This Illinois family has been allegedly terrified by a hacker for years
Just imagine how it would be like to get threatening calls to kill you and burn your house down every hour, all day and night. Or calls and visits to your house by strangers from all parts of the world on hearing of free distribution of Tesla cars by you. Just think of police dropping at your place late at night, as someone has reported an attempted murder by calling 9/11. Or getting endless food deliveries for which you haven’t place an order or losing your job because someone hacked your social media accounts and wrote bad, unpleasant, and hateful things.
The thought of all these instances happening can be so horrifying. But in reality the same have been experienced to one Strater family living in Oswego, Illinois, allegedly because of an 18-year-old hacker from Finland.
The Daily Dot this week published a special report on the hacker, Julius Kivimaki and his alleged exchanges with the Strater family. The report throws light on a lot of key topics that includes how and why people get hacked and the extent of getting hacked that can ruin the lives of you and your family.
According to The Daily Dot, in the case of the Strater family, it all started when “r000t” Strater, the family’s 20-year-old son Blair, a convicted hacker in his own right instigated Kivimaki by reportedly throwing him out from an online chatroom years ago. He was mostly unfriendly towards the Finnish teen and allegedly threatened to announce the names and personal information of some of Kivimaki’s friends. In many of the posts on his personal blog, Strater also openly annoyed Kivimaki.
However, this is more than a one-sided issue. According to The Daily Dot, Strater continues to annoy Kivimaki, both on his blog and via Twitter, which is replied in kind with pranks and hacks by Kivimaki.
The most important lesson to be learned by the parents is that the family gets regularly affected by the pranks, many of which involve calling the police to report fake hostage situations, murders, etc. But this doesn’t mean that keeping a watch on whom you let your kids speak to online doesn’t lessen the brutality of these pranks.
Kivimaki who spent most of his young life hacking was accused of using stolen credit cards to buy himself luxury items and for taking part in a money-laundering scheme that funded a trip to Mexico, according to the BBC.
Kivimaki also alleged to be linked with Lizard Squad, a young international group of hackers has helped them ground an American Airlines plane at one point. According to John Smedley, former president of Sony Online Entertainment, who was on the plane at the time said that Kivimaki had reportedly called the American Airlines directly, while the group had tweeted regarding the bomb threat.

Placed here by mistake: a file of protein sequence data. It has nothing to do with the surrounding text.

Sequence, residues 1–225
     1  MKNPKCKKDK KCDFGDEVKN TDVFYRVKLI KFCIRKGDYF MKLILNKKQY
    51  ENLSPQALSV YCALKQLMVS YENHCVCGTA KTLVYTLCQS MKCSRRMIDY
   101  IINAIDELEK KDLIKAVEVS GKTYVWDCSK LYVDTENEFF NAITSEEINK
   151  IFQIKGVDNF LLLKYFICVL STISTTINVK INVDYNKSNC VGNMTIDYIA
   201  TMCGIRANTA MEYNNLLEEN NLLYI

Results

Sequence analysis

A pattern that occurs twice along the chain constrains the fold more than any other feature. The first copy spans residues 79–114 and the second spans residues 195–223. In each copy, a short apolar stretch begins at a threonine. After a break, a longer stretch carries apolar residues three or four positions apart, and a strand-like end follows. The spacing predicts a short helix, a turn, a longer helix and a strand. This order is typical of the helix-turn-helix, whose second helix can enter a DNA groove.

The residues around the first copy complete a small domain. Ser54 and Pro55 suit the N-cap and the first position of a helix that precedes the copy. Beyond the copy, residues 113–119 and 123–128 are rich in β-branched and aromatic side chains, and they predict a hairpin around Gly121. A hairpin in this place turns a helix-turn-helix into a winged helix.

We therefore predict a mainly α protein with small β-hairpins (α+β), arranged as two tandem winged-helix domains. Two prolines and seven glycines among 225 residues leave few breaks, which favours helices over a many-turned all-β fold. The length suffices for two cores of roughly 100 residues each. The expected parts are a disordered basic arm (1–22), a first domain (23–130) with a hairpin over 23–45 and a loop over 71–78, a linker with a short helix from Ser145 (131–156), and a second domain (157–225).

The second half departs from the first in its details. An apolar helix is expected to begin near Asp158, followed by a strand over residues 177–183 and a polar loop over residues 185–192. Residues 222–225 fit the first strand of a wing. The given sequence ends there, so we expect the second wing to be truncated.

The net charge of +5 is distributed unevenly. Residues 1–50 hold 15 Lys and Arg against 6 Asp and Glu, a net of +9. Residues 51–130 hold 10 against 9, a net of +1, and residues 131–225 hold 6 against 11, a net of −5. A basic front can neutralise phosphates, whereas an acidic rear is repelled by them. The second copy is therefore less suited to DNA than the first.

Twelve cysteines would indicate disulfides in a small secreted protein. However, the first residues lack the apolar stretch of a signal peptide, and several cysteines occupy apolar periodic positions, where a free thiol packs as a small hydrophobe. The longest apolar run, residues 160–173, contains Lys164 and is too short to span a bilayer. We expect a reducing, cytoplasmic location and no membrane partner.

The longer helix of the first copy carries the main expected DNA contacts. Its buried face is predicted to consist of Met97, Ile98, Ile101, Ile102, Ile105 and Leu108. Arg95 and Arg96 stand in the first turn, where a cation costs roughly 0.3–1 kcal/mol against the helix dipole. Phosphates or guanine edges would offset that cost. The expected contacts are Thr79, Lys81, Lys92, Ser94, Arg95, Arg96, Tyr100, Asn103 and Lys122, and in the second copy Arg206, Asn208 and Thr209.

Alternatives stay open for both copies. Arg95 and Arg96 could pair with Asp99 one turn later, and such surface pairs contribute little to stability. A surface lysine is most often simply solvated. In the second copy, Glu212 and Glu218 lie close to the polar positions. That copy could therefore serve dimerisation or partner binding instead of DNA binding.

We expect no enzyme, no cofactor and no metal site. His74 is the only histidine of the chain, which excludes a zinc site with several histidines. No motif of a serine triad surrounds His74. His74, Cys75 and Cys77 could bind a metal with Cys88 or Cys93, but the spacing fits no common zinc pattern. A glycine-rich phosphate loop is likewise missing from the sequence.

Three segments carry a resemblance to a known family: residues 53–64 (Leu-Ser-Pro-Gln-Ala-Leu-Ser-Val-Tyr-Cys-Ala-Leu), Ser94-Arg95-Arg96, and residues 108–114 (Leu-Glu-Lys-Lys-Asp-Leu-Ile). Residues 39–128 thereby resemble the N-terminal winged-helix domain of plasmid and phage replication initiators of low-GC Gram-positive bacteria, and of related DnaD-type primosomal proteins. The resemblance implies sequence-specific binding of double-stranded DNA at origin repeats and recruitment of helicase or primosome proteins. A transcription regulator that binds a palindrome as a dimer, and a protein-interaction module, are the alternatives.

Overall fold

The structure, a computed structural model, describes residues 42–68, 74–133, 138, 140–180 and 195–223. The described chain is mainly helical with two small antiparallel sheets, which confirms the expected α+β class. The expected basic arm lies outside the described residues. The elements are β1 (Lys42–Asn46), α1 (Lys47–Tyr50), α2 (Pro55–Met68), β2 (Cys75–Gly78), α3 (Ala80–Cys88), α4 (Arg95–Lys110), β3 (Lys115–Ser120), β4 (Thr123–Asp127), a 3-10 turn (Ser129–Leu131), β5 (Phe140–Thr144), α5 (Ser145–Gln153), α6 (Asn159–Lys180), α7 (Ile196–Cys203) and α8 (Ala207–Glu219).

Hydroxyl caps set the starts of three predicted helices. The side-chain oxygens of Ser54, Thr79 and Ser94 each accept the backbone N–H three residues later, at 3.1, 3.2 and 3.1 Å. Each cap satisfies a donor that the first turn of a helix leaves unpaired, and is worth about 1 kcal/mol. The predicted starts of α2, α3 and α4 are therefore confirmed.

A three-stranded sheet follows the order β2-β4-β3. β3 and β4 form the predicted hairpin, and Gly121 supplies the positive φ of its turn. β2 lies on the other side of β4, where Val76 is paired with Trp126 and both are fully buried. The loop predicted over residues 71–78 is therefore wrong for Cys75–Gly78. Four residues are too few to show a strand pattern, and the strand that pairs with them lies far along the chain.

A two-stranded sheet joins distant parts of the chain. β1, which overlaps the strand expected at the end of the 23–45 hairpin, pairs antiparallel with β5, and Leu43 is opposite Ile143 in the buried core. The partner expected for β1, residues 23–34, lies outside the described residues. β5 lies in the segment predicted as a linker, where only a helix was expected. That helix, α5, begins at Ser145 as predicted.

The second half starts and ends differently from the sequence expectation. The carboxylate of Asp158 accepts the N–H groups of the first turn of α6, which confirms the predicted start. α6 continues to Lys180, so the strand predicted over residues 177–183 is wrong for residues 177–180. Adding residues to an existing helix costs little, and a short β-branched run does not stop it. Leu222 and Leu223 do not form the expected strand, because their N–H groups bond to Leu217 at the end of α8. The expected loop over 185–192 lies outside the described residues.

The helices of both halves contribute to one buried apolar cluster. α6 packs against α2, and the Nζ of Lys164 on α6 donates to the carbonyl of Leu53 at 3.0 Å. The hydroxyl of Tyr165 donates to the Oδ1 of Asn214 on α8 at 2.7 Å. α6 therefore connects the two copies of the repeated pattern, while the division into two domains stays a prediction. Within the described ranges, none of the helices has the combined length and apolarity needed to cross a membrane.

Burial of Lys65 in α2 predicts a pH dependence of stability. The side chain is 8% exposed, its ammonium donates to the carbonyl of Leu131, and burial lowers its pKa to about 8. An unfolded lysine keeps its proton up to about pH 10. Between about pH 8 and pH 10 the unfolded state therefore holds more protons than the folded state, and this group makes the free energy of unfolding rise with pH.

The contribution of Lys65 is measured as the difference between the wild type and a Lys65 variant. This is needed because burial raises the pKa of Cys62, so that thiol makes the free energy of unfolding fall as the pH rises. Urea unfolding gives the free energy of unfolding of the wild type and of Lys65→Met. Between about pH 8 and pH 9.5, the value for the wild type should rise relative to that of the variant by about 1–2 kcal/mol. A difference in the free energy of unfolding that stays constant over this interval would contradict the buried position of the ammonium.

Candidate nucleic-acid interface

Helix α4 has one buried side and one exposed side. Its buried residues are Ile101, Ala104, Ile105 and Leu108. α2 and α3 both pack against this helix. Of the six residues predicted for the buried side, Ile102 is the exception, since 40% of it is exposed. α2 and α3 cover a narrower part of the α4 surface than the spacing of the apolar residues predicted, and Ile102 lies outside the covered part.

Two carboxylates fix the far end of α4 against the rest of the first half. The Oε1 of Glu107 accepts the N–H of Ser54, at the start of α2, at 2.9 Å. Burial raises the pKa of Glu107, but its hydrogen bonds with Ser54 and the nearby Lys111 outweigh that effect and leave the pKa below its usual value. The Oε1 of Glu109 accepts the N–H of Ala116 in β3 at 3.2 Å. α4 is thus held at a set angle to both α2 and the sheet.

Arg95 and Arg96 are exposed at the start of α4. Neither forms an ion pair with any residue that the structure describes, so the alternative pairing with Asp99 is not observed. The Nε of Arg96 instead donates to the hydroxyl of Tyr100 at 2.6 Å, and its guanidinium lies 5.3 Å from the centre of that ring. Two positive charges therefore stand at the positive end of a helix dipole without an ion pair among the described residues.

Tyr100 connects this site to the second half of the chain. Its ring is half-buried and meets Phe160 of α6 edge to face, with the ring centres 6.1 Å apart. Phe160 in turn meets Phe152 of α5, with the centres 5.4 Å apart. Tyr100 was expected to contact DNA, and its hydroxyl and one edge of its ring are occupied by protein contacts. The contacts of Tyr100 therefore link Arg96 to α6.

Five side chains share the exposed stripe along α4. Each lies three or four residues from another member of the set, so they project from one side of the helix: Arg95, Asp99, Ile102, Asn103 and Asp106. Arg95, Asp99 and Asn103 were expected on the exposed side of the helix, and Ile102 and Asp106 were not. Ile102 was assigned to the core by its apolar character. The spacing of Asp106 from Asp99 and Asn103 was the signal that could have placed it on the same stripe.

Speaking to security researcher Brian Krebs, Smedley told, “I personally got to listen to a recording of [Kivimaki] calling in to American Airlines, and I know it was him because I talked to him myself. He’s done all kinds of bad stuff to me, including putting all of my information out on the internet. He even attempted to use my credit numerous times. The harassment literally just did not stop.”
You may remember how starting on Christmas Eve last year, Sony’s PlayStation Network and Microsoft’s Xbox Live service went down for several days. And the group responsible for that was “Lizard Squad”, who had released a coordinated series of distributed denial-of-service (DDoS) attacks against those networks during the holidays, leaving millions of kids and adults fuming and upset. Reportedly, Sony and Microsoft lost over $40,000 every hour their game networks were down.
When Lizard Squad was contacted by Sky News for an interview, Kivimaki spoke as the group’s representative:
A Finnish court convicted and punished the then 17 years old, Kivimaki for these attacks from the total of 50,700 computer crimes committed by Lizard Squad in relation to hacks. He was given a two-year suspended sentence and asked to forfeit nearly $7,000. However, this has not stopped him from using a computer, and to this day, his pranks on the Strater family continues.
In an email to The Daily Dot, the Finnish National Bureau of Investigation says it has “several ongoing investigations against Kivimaki,” adding it will “finalize some of the cases in the near future and hand them over to [the] prosecutor.” However, the Straters’ tale of helplessness against hacking gives you an idea of what could happen if you make a hacker your enemy.